Is the aim of bhakti
freedom from suffering or
the attainment of happiness?

Bhakti philosophy tells us that regardless of who we are and the type of actions we perform, we all work because of some inner aim. You know from your own experience that whatever inspires you to action is always changing. Plus, what inspires you to act doesn't only change, but quite often your aims contradict one another from one minute to the next.

Because of this, you may find it an overwhelming task to sort out what it is you really want.

The fact is there is one universal aim for all of us, regardless of belief, culture, language, gender or any of our other distinguishing factors. bhakti philosophy tells us we are searching for happiness and happiness alone in everything that we choose to do. This is our true aim and the hidden motivation behind all actions.

We may say we are motivated to have perfect health, prosperity, good relationships, longevity, freedom, or whatever our heart desires, but these are only means of fulfilling what is our ultimate and original desire: perfect happiness.

Why do you want money? To be happy. Why do you wish to live forever? To be happy. Why do you desire knowledge? To be happy. Why are you reading this paragraph? You, too, are looking for happiness.

In the Vedic tradition, the Darshan Shastras are six schools of theistic philosophy that address our aim. In Hinduism, a scripture is described as theistic if it is based on the principles of the Vedas and Upanishads.

Five of these schools (Poorva Mimansa of Jaimini, Nyaya of Gautum, Vaishaishik of Kanad, Sankhya of Kapil and Yoga of Patanjali) state that our deepest desire is freedom from suffering.

Suffering has three main forms:

  • Physical and mental suffering

  • Suffering inflicted upon us by others

  • Suffering caused by the environment

Happiness, according to these systems, is achieved when one is liberated from suffering, and this happens when one is completely free from maya.

The sixth school of philosophy, the Brahma Sutra by Ved Vyas, takes a different position. This philosophy is the most extensive and the most important of all the theistic systems. Jagadgurus and Saints have written extensive commentaries on this scripture, and they give two perspectives on its spiritual meaning.

The first perspective describes the ultimate Divine reality as nondual. In other words, whatever that Divine existence is, it is only one, and you are one with that essence where there is no perceiver, no perceived object, and no process of perception. This is realized through gyan. This school of philosophy is referred to as advait or nondualism.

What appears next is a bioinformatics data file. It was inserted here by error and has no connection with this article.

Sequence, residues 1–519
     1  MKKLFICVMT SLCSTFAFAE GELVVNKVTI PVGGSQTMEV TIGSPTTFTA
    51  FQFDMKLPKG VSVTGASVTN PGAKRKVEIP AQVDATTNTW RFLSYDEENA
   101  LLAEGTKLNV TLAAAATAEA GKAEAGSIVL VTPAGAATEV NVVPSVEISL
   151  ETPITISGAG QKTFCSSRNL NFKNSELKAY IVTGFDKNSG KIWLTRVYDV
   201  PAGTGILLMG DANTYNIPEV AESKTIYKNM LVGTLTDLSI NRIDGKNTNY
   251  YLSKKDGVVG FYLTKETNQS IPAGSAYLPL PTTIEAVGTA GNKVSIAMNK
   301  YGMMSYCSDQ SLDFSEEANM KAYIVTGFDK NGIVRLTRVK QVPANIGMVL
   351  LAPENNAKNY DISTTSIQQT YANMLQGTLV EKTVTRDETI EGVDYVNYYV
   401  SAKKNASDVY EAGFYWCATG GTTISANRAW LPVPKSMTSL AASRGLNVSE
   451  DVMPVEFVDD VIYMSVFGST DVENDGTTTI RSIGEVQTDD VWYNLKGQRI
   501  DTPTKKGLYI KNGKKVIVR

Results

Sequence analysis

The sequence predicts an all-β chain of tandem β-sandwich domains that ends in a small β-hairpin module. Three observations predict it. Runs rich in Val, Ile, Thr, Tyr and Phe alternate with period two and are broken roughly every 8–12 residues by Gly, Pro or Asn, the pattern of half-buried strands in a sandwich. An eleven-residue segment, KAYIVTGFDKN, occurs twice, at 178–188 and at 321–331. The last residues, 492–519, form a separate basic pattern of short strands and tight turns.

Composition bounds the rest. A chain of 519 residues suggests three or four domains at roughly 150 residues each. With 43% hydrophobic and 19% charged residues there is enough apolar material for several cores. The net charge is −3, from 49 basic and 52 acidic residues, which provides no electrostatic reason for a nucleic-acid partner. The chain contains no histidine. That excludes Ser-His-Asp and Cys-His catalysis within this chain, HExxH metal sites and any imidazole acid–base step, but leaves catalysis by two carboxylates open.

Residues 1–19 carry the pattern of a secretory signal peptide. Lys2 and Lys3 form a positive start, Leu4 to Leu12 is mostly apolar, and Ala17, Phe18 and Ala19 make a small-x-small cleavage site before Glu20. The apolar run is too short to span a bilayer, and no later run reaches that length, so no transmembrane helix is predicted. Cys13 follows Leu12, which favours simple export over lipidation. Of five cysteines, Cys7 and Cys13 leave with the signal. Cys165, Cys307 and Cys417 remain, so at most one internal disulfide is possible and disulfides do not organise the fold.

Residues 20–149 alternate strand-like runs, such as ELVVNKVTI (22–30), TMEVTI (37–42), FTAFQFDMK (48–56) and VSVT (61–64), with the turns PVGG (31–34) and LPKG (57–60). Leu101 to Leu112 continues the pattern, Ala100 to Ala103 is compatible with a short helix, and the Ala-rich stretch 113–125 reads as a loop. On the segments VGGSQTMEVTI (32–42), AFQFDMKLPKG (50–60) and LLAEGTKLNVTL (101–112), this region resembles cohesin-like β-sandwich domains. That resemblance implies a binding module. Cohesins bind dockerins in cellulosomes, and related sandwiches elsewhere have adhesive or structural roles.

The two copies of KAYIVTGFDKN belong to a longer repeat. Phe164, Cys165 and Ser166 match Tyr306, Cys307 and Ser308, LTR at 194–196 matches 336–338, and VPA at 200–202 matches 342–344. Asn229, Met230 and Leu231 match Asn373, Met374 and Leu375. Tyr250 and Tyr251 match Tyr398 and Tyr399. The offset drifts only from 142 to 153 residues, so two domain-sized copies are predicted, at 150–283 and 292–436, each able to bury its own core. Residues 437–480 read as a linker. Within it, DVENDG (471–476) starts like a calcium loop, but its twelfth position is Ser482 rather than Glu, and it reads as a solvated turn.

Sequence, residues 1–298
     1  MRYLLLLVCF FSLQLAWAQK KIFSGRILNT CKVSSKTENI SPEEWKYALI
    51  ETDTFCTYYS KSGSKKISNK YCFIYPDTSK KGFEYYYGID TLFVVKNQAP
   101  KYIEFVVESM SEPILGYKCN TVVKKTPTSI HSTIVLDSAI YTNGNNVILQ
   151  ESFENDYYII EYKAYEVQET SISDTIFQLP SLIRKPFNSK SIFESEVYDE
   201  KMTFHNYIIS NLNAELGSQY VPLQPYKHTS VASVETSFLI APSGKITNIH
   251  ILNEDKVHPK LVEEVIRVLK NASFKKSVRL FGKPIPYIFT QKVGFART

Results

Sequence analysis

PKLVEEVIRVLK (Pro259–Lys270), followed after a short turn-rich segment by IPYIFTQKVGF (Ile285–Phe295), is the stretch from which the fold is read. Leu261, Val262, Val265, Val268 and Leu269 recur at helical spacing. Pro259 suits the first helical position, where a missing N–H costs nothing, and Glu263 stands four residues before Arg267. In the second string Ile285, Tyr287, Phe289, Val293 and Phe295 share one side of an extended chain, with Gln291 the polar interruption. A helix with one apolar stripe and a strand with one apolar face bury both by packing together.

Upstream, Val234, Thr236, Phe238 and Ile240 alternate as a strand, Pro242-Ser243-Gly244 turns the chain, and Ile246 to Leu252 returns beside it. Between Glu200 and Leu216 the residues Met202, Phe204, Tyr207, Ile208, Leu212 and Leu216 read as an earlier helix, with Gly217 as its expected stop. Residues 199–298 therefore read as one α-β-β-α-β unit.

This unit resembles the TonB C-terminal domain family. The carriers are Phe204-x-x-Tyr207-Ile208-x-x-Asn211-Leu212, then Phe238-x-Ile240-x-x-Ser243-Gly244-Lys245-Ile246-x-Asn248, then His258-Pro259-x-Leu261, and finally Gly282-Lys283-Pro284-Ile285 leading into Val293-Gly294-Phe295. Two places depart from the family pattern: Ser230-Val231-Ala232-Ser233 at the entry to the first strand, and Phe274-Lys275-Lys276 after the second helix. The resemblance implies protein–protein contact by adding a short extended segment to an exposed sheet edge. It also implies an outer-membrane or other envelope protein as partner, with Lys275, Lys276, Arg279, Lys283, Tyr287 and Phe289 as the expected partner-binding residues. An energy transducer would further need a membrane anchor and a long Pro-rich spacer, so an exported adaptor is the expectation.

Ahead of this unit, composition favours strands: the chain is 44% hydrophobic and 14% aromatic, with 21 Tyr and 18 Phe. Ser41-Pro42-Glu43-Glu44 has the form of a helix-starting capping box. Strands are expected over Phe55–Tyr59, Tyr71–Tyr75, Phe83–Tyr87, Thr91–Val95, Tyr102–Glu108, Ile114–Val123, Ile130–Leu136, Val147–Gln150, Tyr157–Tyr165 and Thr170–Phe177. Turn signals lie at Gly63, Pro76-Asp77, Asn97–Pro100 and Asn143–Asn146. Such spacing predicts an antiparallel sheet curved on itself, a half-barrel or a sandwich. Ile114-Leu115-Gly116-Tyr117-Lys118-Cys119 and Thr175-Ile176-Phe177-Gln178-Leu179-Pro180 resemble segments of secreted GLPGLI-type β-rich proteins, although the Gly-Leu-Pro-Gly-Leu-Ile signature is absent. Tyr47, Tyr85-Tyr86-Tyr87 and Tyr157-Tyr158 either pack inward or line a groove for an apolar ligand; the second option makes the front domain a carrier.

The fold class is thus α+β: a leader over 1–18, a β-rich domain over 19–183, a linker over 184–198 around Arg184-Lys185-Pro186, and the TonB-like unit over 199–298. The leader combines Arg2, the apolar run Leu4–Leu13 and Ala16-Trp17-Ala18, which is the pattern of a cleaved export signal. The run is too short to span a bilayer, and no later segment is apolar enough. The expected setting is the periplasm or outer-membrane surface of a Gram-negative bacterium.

The second perspective describes the ultimate Divine reality is dual, meaning there are two, you and God are two, and you realize each other in two-ness through bhakti. There is you, God and the process of experiencing Him with your mind and all your senses. This school of philosophy has a few variations, but collectively they are referred to as dvait or dualism.

The original philosophy of advait held that our ultimate aim was to attain absolute liberation from maya, realize and merge into the bliss of nondual Divinity.

The philosophy of dvait took this one step further and described a realization beyond liberation and nondual bliss: the attainment of God realization.

Isn't liberation from suffering the same as the attainment of bliss? No. However, the attainment of bliss includes liberation from suffering.

Even in your own life the absence of sorrow does equate to the presence of happiness. If someone is standing on your foot, while that pressure is being applied, you feel pain. If they remove their foot, you may refer to the relief you feel as 'happiness', but it is really just the absence of pain.

A more true definition of happiness for us corresponds to joy... after your foot feels better, you see your dear friend and from that meeting you feel your heart is bursting with joy. This is more like it!

Similarly, in a spiritual sense, absolute liberation from maya and the experience of nondual bliss is a Divine accomplishment. In contrast to mayic bondage, this is unlimitedly blissful. Amazingly there is still a more enriched experience of Divine bliss beyond this attainment related to the personal form of God.

By attaining liberation, you don't automatically receive this bliss, but by attaining God realization, not only do you receive this bliss, but you are also automatically freed from maya and all mayic suffering.

According to bhakti yoga philosophy, our ultimate aim is not just be free from suffering, but to also experience perfect Divine happiness.

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